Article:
The Titanic 100 Photographic Exhibition at Belfast City Hall, which was launched this week, is a timely reminder of one of the most famous vessels in history.
This has been an historic period in the city's maritime story, with the centenary yesterday of the opening of the Thompson Dock, and the anniversary on Thursday of the Titanic's keel-laying in 1909.
The Thompson Dock was opened on 1 April, 1911 by the Olympic, sister ship of the Titanic, and it marked one of the most important milestones in the history of the port.
If it had not been for the vision of the Harbour Commissioners in committing themselves eight years earlier to building the massive Thompson Dock, it is doubtful if the Olympic, the Titanic or other large vessels could have been fitted out in Belfast. The Thompson Dock and Pump-House, which are important tourist attractions, represented the best in world technology in their time, and they are now part of the Titanic Heritage, as Belfast gears up for the major anniversary next year.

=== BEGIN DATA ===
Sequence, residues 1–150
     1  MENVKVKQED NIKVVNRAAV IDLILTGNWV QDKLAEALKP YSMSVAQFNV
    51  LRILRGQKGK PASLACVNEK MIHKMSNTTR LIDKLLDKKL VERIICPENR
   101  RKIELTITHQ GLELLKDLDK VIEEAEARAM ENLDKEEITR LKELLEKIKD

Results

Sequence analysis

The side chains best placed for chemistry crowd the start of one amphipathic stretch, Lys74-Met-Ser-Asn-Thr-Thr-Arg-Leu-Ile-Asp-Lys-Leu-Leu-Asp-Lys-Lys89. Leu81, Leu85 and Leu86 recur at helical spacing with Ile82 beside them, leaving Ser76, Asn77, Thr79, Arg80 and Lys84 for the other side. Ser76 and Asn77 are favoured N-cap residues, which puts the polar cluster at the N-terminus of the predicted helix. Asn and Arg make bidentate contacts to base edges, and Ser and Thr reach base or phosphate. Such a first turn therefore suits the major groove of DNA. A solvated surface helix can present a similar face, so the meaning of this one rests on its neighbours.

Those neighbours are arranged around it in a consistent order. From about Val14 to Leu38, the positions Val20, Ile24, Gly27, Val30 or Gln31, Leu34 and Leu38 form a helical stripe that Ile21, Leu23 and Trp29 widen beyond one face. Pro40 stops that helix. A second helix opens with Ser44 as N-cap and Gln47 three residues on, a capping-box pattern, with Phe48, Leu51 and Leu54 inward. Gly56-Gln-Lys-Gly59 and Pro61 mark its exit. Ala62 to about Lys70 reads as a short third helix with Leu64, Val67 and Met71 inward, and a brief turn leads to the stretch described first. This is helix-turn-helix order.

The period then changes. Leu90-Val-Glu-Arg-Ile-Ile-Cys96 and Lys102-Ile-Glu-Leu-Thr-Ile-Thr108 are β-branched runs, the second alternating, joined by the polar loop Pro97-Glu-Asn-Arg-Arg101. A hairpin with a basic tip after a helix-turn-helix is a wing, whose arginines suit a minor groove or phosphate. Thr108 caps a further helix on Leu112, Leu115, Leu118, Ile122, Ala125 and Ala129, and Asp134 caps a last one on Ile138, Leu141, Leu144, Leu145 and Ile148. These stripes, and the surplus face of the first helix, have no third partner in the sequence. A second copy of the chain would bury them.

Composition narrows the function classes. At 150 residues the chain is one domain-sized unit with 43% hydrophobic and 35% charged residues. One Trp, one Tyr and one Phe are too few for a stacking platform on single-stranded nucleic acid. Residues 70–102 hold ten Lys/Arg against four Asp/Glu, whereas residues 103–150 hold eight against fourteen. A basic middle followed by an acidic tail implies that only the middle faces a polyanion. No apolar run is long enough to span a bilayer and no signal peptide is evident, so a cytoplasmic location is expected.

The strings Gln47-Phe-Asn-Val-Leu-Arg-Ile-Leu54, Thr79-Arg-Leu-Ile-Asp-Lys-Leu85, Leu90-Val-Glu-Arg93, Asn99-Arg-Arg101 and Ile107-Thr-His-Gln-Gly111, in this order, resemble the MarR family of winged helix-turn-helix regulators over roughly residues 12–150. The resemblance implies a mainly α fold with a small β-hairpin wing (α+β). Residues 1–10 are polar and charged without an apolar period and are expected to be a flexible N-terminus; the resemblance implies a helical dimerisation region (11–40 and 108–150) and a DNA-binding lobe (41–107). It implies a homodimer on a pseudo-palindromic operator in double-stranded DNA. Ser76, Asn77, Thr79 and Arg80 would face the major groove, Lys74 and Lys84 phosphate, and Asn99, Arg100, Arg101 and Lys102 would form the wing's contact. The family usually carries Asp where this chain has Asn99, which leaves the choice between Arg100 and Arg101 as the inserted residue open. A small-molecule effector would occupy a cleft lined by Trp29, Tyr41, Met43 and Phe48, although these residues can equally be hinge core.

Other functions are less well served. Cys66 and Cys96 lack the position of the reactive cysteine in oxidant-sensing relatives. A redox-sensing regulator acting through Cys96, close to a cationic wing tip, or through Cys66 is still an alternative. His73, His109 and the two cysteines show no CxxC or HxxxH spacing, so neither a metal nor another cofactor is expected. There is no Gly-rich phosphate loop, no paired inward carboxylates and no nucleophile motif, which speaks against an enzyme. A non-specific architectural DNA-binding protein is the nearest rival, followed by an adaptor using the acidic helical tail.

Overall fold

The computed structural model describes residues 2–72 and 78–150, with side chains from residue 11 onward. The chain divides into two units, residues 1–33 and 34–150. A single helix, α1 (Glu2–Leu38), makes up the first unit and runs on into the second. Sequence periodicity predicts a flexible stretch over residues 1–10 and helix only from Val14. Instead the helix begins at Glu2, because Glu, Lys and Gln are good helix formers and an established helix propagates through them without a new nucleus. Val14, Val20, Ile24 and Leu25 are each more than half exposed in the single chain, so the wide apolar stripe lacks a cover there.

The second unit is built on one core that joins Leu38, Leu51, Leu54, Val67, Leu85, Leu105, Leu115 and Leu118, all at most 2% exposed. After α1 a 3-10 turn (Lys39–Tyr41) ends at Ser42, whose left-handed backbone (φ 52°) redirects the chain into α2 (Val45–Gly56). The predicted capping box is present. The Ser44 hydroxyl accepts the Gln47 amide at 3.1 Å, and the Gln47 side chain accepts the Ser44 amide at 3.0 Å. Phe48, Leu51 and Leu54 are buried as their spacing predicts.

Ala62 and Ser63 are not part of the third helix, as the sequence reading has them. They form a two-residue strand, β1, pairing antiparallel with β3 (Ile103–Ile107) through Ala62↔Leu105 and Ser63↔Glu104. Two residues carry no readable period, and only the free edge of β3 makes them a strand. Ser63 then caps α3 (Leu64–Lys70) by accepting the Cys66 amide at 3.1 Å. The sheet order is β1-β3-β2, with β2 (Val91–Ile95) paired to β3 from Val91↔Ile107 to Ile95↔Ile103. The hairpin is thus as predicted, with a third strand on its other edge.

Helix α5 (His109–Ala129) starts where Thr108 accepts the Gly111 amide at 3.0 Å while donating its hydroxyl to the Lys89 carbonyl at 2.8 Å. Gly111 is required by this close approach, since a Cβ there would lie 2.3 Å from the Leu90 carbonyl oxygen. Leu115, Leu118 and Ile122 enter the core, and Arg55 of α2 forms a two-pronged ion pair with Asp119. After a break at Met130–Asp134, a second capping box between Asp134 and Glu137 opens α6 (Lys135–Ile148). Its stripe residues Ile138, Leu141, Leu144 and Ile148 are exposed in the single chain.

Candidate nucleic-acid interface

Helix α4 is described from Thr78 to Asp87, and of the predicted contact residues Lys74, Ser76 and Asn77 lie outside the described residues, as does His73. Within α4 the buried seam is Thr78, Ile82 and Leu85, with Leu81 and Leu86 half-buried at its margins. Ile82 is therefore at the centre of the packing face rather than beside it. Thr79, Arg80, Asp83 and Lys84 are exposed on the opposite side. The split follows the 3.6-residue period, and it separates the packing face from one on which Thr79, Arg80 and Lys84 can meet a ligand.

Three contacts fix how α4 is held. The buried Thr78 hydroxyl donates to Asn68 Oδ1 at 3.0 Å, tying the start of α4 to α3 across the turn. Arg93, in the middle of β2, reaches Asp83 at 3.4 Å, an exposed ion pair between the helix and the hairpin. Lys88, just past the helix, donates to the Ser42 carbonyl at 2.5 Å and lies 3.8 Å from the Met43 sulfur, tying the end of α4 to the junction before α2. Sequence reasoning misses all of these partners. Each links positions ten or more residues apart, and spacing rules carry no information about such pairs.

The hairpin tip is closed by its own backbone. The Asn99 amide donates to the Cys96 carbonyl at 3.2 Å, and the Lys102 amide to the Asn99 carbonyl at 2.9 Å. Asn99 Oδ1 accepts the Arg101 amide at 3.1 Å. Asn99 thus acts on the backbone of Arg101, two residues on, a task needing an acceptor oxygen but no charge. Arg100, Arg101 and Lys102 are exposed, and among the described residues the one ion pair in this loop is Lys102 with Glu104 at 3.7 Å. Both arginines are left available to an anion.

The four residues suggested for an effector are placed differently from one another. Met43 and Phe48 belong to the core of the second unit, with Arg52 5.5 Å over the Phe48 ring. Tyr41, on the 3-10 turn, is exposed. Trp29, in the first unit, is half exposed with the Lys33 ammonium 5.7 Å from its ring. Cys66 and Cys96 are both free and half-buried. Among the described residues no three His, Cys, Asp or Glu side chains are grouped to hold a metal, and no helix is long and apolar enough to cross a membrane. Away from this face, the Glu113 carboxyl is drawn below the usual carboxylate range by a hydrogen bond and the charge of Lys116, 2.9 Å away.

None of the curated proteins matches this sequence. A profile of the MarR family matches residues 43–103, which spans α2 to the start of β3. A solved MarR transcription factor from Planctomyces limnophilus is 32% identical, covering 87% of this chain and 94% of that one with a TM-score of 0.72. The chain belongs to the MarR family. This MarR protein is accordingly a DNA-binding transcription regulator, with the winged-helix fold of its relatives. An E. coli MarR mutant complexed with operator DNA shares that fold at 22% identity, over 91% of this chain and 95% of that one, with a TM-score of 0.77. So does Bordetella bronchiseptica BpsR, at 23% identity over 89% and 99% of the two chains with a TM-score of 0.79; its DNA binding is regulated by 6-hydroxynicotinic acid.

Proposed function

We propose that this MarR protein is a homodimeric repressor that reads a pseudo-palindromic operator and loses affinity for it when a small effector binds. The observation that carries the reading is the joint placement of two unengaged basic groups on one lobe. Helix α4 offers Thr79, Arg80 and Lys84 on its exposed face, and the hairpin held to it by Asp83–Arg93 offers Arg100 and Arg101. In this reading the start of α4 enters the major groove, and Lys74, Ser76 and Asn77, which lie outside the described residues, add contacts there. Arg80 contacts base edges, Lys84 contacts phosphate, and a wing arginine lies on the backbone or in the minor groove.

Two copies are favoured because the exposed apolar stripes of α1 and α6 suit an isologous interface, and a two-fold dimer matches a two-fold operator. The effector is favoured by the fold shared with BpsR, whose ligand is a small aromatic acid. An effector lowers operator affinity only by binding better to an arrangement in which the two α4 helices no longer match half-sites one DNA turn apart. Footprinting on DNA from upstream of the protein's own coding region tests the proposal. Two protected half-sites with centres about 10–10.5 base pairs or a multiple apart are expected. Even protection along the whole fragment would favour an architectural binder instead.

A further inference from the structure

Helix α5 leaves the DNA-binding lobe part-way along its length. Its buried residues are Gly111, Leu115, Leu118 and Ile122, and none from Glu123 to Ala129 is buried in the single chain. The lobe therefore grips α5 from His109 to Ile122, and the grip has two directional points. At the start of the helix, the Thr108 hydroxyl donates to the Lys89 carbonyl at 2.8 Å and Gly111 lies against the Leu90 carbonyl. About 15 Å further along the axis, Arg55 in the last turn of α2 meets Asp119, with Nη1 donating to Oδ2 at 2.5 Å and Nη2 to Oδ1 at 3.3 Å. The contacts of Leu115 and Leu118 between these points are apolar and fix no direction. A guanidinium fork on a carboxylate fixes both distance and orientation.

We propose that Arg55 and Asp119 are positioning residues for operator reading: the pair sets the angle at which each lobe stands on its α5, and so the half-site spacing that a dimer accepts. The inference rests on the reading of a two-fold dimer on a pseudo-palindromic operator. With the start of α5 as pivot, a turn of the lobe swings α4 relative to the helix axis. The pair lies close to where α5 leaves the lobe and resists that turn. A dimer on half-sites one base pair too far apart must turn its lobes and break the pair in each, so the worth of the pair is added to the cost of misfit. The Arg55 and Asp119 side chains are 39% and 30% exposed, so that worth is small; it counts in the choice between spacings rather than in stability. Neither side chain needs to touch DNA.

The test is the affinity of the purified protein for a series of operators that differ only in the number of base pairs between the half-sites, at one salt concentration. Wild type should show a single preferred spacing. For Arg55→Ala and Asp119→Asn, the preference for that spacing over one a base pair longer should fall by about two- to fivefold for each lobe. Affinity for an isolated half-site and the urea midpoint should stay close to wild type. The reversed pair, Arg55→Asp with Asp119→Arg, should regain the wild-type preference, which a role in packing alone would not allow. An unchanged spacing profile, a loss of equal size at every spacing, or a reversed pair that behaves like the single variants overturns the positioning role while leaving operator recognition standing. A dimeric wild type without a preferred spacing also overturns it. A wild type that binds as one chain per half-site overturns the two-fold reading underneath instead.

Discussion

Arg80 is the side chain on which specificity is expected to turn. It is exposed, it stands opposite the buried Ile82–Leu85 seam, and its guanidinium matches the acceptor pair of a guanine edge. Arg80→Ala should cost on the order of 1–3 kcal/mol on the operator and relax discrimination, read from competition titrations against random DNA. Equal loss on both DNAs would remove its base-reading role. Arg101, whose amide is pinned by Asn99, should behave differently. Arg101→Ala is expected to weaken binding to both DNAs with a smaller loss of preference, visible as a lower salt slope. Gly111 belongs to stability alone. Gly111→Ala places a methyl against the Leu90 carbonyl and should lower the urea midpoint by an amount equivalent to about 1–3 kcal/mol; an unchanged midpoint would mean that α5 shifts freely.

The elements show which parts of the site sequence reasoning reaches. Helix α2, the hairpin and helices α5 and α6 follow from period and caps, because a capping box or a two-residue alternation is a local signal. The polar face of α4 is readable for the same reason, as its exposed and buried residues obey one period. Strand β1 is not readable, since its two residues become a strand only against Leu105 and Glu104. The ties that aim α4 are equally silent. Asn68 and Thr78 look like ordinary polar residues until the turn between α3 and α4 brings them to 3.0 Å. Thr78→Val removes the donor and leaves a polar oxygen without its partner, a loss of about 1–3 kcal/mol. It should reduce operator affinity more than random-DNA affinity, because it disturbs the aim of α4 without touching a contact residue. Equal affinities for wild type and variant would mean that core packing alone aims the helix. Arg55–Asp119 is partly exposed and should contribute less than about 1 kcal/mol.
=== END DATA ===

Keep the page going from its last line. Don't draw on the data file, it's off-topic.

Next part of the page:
The Titanic's tragic end was due to a number of complex factors, but there is no doubt that when she left Belfast she was a tribute to the excellence of our local shipbuilders.
The ambitious Titanic Project is steadily reaching its completion, despite fears that there might be a time lapse. However, assurances have been given that everything will be ready for the anniversary in April 1912.
For many years Belfast and its people turned their backs on the Titanic because of the scale of the loss in a century which also experienced two world wars and immense suffering through economic depression and political upheavals.
The achievement of those who planned and built the Titanic and her sister ships is now being given its rightful recognition.
It is important, therefore, that everything must be done by the tourist authorities, the Stormont Executive and all those involved in the Titanic Project to make sure that the many tourists who will flock to our shores will also be impressed by the skill and magnificence of Belfast's maritime history.